I love this idea because I know the kids will eat healthier if given the choice. I worked at a school where they had a fruit cart grant. The cart was on wheels. It moved around the school all day. When the classes had snack time or when they came in from recess the kids would pass by the cart and reach in and grab a snack. It had cut/sliced orange, apples, pears, pineapple, watermelon, cucumbers, celery also grapes. The kids and teachers LOVED it. The school only had it for a year because the grant rotates it around the district. I think there should be a fruit cart in every school! (ill try to look up the link to the grant info and post later)
Bye Bye, Bad Food: New Federal Effort to Whip Cafeterias into Shape
I have to admit that I did enjoy chowing down on french fries and chocolate chip cookies in my elementary school days. But as junk foods have come to dominate the lunch room landscape in many schools and rates of childhood obesity and diabetes have soared over the past two decades, I find myself agreeing with the Obama administration that these unhealthy items should be dropped from the school menu. This week the administration announced plans for a federal effort to remove sugary food and beverages from school vending machines and lunch lines, and require many schools to offer more nutritious options.
The legislation will be an important step toward creating healthy nutrition habits for kids and are a part of the administration's plans to incorporate healthier options into the reauthorization of the Child Nutrition Act later this year (an effort we here at TakePart strongly support). The proposed spending for the new rules will add $1 billion more each year to the $18 billion meals program, which some are concerned won't be enough to cover the cost of adding more nutritious alternatives. I hardly think that should be a reason not to pass this legislation that is so vital to the health of our countr. I'm sure the resources can be found to meet the changing needs of cafeterias. Also, I'm sure many students will be saddened to learn that they won't get to enjoy their favorite sugary or salty treat, but kids' palates are pretty flexible and they'll likely adapt quickly to the wider array of flavors that healthier options will provide.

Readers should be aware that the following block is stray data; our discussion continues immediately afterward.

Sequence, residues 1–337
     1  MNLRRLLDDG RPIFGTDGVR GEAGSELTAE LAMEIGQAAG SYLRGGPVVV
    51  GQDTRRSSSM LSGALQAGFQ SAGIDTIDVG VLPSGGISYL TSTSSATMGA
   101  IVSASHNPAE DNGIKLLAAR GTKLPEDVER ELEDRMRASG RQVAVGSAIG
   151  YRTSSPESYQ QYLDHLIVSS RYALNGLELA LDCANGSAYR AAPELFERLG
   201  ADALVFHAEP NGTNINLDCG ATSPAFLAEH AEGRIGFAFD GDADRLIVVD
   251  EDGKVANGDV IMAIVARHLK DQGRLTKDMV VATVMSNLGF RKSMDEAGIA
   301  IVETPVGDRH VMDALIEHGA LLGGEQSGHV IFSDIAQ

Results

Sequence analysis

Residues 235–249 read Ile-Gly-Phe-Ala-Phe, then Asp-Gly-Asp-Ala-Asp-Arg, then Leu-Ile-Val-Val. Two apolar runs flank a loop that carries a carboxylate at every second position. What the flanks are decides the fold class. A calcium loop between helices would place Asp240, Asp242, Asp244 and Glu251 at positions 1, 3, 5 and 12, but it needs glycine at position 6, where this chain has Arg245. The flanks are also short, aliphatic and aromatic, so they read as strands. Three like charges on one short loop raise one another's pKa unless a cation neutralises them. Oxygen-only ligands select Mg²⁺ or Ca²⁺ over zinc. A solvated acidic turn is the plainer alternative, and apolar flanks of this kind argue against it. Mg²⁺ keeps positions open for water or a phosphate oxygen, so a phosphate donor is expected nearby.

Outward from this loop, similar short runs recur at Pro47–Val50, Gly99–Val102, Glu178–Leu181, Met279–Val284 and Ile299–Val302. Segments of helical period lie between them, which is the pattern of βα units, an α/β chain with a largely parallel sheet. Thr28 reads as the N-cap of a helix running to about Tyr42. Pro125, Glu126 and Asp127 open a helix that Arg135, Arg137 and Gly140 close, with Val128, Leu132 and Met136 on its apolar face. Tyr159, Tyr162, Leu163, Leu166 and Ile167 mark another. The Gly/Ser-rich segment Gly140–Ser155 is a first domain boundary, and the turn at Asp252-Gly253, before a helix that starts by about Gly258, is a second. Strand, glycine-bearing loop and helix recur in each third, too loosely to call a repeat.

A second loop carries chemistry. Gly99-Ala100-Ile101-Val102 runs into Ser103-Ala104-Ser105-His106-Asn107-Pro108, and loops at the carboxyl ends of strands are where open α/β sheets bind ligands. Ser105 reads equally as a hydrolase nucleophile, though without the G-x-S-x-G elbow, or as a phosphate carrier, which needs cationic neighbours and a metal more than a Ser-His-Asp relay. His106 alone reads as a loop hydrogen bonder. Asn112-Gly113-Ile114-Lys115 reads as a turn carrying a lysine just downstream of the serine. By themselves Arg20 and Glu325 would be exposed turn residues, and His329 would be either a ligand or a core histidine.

The new federal effort is part of First Lady Michelle Obama's childhood obesity campaign,"Let's Move", which was just launched today. In addition to improving the school lunch program, the ambitious initiative will also help guide parents in making healthier food choices at home, increase accessibility and affordability of nutritious food across the country, and increase opportunities for kids to be physically active. We are on the verge of major improvements to the nutritional habits of children and adults, and I'm excited to see what happens next (even more excited than I was to eat those french fries in school).
Photo: colros' Flickr photostream/Creative Commons
Featured Photo: Laurenv's Flickr photostream/Creative Commons
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